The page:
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The word photography was first used by the scientist Sir John F.W. Herschel in 1839. It comes from the French photographie which is based on the Greek φώς (phos) light + γραφίς (graphis) stylus / paintbrush or γραφή (graphê) representation by means of lines / drawing, together = drawing with light. Photography is the science and art of recording images by means of capturing light on a light-sensitive medium, such as a film or electronic sensor. Light patterns reflected or emitted from objects expose a sensitive silver halide based chemical or electronic medium during a timed exposure, usually through a photographic lens in a device known as a camera that also stores the resulting information chemically or electronically.
The Chinese were the first people that we know of to write about the basic idea of the pinhole camera. About 2,500 years ago (5th Century BC) they wrote about how an image was formed upside down from a "pinhole" on the opposite wall. About 2,400 years ago (4th Century BC) the famous Greek philosopher Aristotle talked about a pinhole image formation in his work. He wondered why "when light shines through a rectangular peep-hole, it appears circular in the form of a cone?" He did not find an answer to his question and the problem was not answered until about 1600 years later in the early 1000s AD.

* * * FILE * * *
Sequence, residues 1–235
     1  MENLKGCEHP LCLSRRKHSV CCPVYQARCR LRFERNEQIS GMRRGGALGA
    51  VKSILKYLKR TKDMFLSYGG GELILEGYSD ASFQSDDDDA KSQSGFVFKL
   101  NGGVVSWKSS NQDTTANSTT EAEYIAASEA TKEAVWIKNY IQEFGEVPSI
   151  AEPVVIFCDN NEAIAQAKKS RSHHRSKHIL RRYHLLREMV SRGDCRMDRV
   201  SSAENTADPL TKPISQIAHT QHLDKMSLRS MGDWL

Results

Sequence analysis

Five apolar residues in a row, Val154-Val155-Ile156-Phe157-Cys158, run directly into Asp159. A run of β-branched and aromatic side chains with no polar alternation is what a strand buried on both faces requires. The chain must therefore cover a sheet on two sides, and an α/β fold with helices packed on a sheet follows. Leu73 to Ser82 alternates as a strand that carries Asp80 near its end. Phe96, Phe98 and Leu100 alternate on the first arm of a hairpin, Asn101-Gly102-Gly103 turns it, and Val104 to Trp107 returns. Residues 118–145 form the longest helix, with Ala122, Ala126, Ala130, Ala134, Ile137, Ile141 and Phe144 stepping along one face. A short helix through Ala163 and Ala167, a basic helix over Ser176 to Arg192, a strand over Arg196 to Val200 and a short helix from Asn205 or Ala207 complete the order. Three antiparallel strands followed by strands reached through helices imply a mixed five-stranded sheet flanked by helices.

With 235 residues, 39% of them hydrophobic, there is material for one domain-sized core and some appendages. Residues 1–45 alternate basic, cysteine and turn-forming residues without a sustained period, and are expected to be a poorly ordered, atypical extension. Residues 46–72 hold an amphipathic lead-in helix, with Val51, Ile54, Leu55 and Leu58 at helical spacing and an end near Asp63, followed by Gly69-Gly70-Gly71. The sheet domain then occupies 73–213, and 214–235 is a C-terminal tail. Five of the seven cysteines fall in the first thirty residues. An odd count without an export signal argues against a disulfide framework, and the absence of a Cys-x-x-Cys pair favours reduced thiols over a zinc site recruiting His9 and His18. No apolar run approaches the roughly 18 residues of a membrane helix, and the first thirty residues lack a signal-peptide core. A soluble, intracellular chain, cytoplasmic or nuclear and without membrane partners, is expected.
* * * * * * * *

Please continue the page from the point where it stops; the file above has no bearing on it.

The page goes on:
The invention of the camera obscura is attributed to the Iraqi scientist Alhazen and described in his Book of Optics (1011-1021). English scientists Robert Boyle and Robert Hooke later invented a portable camera obscura in 1665-1666. In the 1500s many artists, including Michelangelo and Leonardo da Vinci, used the camera obscura to help them draw pictures. This drawing below, made in 1652, shows an outer shell with lenses in the center of each wall and an inner shell with transparent paper for drawing. The artist entered by a trap door in the bottom.
In 1816 Frenchman Nicephore Niepce made a crude wood camera fitted with a microscope lens. He invented Heliography around 1826, which he used to make the earliest known permanent photograph from nature Louis Daguerre: Daguerreotype Louis Daguerre (1789 - 1851), in collaboration with Nicephore Niepce, invented the first practical photographic process in 1837 which was widely used in portraiture until the mid 1850s.
. Daguerre. A weak positive image produced by mercury vapor was fixed with a solution of salt. In 1839 the French government purchased Daguerre's French patent and offered the daguerreotype as "a gift free to the world".CONTINUATION A brass plate coated with silver was sensitized by exposure to iodine vapor and exposed to light in a camera for several minutes. however. did maintain control of the patent throughout the rest of the world.
the calotype. had the great advantage of allowing multiple copies to be made. . Current film-based photography is based on the same principle.HENRY FOX TALBOT . although producing an image inferior in quality to the daguerreotype.CALOTYPE In 1839 William Henry Fox Talbot presented a paper to the Royal Society of London describing his invention. This paper negative process.
Albums for the collection and display of cards became a common fixture in Victorian parlors. . They were usually an albumen print mounted onto card.CARTE DE VISITE Photographic "visiting cards" were invented by Andre Adolphe Eugene Disderi in 1854.